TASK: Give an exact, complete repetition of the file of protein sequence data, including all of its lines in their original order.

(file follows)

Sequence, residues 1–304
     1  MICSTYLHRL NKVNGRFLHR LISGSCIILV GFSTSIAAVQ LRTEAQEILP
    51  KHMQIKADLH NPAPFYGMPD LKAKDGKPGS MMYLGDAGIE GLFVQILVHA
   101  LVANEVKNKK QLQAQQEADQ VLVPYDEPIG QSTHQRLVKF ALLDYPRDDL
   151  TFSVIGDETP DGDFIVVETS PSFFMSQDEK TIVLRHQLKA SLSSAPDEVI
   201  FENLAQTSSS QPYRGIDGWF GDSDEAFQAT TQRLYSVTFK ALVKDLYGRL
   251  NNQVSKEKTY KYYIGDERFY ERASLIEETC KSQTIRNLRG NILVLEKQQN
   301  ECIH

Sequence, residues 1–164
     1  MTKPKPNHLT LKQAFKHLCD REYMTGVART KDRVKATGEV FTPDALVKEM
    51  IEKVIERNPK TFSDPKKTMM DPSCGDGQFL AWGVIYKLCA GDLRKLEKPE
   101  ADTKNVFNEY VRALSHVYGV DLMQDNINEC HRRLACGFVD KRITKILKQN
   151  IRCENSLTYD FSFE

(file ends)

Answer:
Sequence, residues 1–304
     1  MICSTYLHRL NKVNGRFLHR LISGSCIILV GFSTSIAAVQ LRTEAQEILP
    51  KHMQIKADLH NPAPFYGMPD LKAKDGKPGS MMYLGDAGIE GLFVQILVHA
   101  LVANEVKNKK QLQAQQEADQ VLVPYDEPIG QSTHQRLVKF ALLDYPRDDL
   151  TFSVIGDETP DGDFIVVETS PSFFMSQDEK TIVLRHQLKA SLSSAPDEVI
   201  FENLAQTSSS QPYRGIDGWF GDSDEAFQAT TQRLYSVTFK ALVKDLYGRL
   251  NNQVSKEKTY KYYIGDERFY ERASLIEETC KSQTIRNLRG NILVLEKQQN
   301  ECIH

Sequence, residues 1–164
     1  MTKPKPNHLT LKQAFKHLCD REYMTGVART KDRVKATGEV FTPDALVKEM
    51  IEKVIERNPK TFSDPKKTMM DPSCGDGQFL AWGVIYKLCA GDLRKLEKPE
   101  ADTKNVFNEY VRALSHVYGV DLMQDNINEC HRRLACGFVD KRITKILKQN
   151  IRCENSLTYD FSFE